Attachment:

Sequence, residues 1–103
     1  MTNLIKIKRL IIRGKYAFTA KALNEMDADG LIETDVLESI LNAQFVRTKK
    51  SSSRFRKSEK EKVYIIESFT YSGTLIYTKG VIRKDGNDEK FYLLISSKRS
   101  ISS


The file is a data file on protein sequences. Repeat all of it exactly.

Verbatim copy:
Sequence, residues 1–103
     1  MTNLIKIKRL IIRGKYAFTA KALNEMDADG LIETDVLESI LNAQFVRTKK
    51  SSSRFRKSEK EKVYIIESFT YSGTLIYTKG VIRKDGNDEK FYLLISSKRS
   101  ISS